“The thought of her having epileptic seizures felt very heavy and frightening. I also found that because it affects all people differently and you don’t know how it might affect them, you can fall down a rabbit hole worrying about everything,” she said.
‘Will she ever be able to walk or talk? Is she having epileptic seizures? If so, will we be able to control them? Will she ever be able to drive? Will she lose sight in her right eye?’
“The things you can worry about are endless, because it affects everyone differently.”
After Rosie’s diagnosis, Rachael’s mind began to race as she learned about the worst-case scenarios of the condition, including glaucoma, developmental problems, and terrifying seizures.
The parents noticed that Rosie had a ‘slight weakness’ in her left side and in October 2022, just after her first birthday, Rosie had her first seizure
Rosie was a happy baby, but Rachael and Sam noticed she had a “slight weakness” in her left side and pressure building behind her right eye, which the mother said was a “constant struggle” to control.
In October 2022, just after her first birthday, Rosie had her first seizure.
“We had been for an eye pressure check and when we got home she was really tired so I put her down for her morning nap as usual,” recalls Rachael.
“When I went to get her I noticed she wasn’t standing up in her bed like she normally is, she was still lying down. I asked her if she was okay and I saw she tried but didn’t roll over.’
Rachael lifted Rosie out of bed and realized that the left side of her body was completely weak and her leg was shaking.
“I took her downstairs and laid her down so she was safe and called an ambulance, I knew she was having a seizure. She had a focal seizure for about 30 minutes,” Rachael said.
Rosie was rushed to hospital where she was given anti-seizure medication to control her seizures and sent home.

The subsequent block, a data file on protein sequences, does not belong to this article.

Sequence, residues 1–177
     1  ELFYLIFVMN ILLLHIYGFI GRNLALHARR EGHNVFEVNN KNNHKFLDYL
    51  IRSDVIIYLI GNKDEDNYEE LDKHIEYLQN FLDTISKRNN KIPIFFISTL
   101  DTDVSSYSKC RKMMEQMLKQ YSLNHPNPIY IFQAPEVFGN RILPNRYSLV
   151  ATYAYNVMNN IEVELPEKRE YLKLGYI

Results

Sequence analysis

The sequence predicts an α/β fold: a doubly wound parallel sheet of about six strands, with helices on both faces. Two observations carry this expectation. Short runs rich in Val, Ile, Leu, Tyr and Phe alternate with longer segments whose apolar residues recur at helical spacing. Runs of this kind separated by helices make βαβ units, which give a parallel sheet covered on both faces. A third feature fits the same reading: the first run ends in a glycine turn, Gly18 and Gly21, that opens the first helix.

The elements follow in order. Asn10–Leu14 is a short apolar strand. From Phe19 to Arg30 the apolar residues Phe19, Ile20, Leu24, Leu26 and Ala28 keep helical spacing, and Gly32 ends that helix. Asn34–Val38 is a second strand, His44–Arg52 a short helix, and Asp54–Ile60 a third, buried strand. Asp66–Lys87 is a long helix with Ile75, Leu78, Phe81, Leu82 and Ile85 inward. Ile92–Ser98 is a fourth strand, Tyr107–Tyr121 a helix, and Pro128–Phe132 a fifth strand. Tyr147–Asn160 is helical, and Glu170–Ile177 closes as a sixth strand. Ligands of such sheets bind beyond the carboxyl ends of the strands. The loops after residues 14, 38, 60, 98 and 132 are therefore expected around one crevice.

Rachael lifted Rosie out of bed and realizes that one side of her body was limp and her leg was shaking. She was rushed to hospital where she was given anti-seizure medication
The baby had another minor seizure a month later and doctors gave the parents a ‘rescue medication’ in case she had a third; however, treatment could only be given by paramedics.
“The first time they are administered, they have to be done by the paramedics when they arrive because inside [some] In some cases it can slow their heart rate and we don’t know how she will react,” Rachael explained.
In March, Rosie had her worst epileptic episode, where a focal seizure, in which patients may be aware of what’s going on around them but are unable to move or react, turned into something more serious.
“Rosie’s head locked up and she had a general full-body seizure where she struggled to breathe at some points,” said Rachael.
The snowy weather made it difficult for paramedics to reach the family home where Rosie was seizing.
Rosie takes medication twice a day to control her seizures and luckily she hasn’t had one since
“By the time the paramedics arrived, she was out of the attack. They checked on her and were happy with all her observations, so we were told to stay home and contact the epilepsy doctors in the morning,” said Rachael.
“I did this and her meds were increased again and told if it happens again I would give her the rescue meds myself if paramedics weren’t already there.”
Rosie takes medication twice a day to control her seizures and luckily she hasn’t had one since.
While Rosie is living a happy and healthy life, Rachael said she’s had to learn to ignore people who make comments about her unique facial marking.
She said a stranger at the supermarket called Rosie a “poor little thing” when she saw her birthmark and another told her to cover it up with makeup when she gets older.
The comments made Rachael “angry” at first, but now she, but now she and the whole family aren’t bothered by the “strange look” Rosie gets when they’re gone.
Rachael said she knows her daughter is “beautiful” and she will grow up “for the right reasons.”